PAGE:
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October 14, 2011


McCoy food-service program to represent

IMCOM-NE region in competition

By Rob Schuette, Public Affairs Staff

Fort McCoy will represent the Installation Management Command (IMCOM)-Northeast region in the Department of the Army (DA) level Philip A. Connelly food-service competition for the third-consecutive year.
PHOTO: Soldiers eat at a Fort McCoy Dining Facility. Photo by Linda  Fournier
Soldiers from the 236th Engineer Company (Vertical), a Texas Army National Guard unit, which was the last mobilizing unit at Fort McCoy, eat at a Fort McCoy Dining Facility Oct. 1. The facility, building 2674, now will be used to support transient training, such as exercises. (Photo by Linda Fournier)

Andrew Pisney, Fort McCoy food program manager, said the installation will be competing in the civilian-garrison category, which includes all contractor-operated dining operations of any size.

For the past two years, McCoy competed in the small-garrison category for dining facilities that serve an average of 300 or fewer diners per meal, he said.

“We hope to take the lessons learned in the last two competitions and do well in this competition as well,” Pisney said. “We get great experience from the program, whether we win or lose, and the objective of our participation is to improve the program and offer great food service to the Soldiers who train here.”

In addition to Fort McCoy, the civilian-garrison category will include Fort Gordon, Ga., and the Presidio of Monterey, Calif., as well as dining operations in Germany, Korea, Japan and Qatar.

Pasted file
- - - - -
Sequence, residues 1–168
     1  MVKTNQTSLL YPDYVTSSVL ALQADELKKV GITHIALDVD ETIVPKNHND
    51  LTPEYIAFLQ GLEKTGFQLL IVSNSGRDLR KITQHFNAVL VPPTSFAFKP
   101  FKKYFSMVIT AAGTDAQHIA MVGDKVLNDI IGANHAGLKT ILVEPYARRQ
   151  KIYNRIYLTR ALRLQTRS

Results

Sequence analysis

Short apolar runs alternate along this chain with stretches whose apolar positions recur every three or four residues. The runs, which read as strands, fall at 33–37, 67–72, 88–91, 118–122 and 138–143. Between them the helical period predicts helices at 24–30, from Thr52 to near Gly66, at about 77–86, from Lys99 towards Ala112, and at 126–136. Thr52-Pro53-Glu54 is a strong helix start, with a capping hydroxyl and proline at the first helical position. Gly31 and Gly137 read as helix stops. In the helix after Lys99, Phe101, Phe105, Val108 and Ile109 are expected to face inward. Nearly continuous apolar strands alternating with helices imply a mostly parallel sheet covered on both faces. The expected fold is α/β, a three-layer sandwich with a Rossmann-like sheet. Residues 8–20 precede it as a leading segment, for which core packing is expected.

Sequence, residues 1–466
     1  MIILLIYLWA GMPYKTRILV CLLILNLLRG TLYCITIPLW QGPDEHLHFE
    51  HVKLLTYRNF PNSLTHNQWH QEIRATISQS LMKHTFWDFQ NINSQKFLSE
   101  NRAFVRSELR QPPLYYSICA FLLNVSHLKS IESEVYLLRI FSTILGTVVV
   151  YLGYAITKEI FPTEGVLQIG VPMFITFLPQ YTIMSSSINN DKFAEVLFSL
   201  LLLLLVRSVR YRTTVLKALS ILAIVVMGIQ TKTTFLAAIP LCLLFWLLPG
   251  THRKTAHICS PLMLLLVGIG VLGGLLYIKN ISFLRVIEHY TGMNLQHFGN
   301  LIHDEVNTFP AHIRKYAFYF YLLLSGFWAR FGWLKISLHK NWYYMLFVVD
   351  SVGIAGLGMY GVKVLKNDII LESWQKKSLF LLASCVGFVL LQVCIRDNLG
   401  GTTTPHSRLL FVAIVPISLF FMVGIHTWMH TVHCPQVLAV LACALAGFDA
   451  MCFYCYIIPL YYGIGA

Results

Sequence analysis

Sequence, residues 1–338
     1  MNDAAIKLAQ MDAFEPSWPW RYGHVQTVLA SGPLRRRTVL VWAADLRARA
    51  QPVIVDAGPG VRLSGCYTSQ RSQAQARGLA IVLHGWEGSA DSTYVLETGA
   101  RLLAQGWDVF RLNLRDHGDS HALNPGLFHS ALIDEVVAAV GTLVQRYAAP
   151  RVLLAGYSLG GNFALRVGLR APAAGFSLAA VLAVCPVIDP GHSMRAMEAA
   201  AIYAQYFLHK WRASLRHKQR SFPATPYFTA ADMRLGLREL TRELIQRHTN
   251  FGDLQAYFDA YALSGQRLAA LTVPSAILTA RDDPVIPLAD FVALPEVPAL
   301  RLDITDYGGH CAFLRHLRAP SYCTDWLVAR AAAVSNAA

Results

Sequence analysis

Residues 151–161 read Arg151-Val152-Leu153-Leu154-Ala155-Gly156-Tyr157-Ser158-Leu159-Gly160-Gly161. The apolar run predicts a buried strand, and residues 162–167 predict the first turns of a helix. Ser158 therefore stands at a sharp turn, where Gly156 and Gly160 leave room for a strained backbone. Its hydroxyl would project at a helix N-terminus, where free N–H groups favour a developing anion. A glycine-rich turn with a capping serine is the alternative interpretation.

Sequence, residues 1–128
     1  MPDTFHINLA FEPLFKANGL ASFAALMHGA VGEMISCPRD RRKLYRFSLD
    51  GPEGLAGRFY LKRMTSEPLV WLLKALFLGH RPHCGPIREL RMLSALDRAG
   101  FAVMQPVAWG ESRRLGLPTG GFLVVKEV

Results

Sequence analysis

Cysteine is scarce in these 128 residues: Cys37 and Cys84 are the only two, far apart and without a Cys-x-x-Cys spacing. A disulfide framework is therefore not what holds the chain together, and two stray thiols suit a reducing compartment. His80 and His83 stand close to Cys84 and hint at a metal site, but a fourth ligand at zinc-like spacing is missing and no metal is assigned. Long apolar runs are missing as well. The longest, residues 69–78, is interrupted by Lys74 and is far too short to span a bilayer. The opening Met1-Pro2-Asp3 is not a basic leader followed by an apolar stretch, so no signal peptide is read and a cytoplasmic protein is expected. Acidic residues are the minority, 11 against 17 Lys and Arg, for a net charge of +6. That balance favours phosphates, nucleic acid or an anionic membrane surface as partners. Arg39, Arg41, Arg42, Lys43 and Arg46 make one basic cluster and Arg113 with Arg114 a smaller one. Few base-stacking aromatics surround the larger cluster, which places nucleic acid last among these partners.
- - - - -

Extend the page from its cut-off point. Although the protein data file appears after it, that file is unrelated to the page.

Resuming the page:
A team comprised of three food-service representatives will visit Fort McCoy Nov. 30. Two team members are from the Department of the Army’s Joint Culinary Center for Excellence and the other team member is from the International Food Services Executive Association (IFSEA), an organization of civilian food-service professionals.

PHOTO: An employee from Superior Services Inc., serves lunch to Soldiers in building 50. Photo by Rob Schuette
An employee from Superior Services Inc., serves lunch to Soldiers in building 50. The Fort McCoy food-service program is vying for Army-level honors. (Photo by Rob Schuette)

“The IFSEA representatives come from all over the country and the organization is recognized as the industry leader in food service,” Pisney said. “This gives us a chance to put our best foot forward and also get a lot of feedback and general information about how to improve our operations.”

Pisney said the Superior Services Inc. company provides the contracted personnel to run the installation’s dining operations.

Building 50 is the installation’s main dining facility and serves the military personnel training at the installation, such as personnel from the Noncommissioned Officer Academy, Regional Training Sites, other institutional training courses, as well as permanent-party personnel.

Other dining facilities in full-time operation include building 605, which supports Regional Training Center-Central, a pre-mobilization training organization.

Building 2674, which was used to support mobilization and demobilization personnel, has suspended daily operations with the completion of the mobilization/demobilization mission at Fort McCoy, Pisney said.

The facility will be used to support transient training, such as the fiscal year 2012 Warrior Exercise, Diamond Saber and Combat Support Training Exercise events at Fort McCoy, Pisney said.

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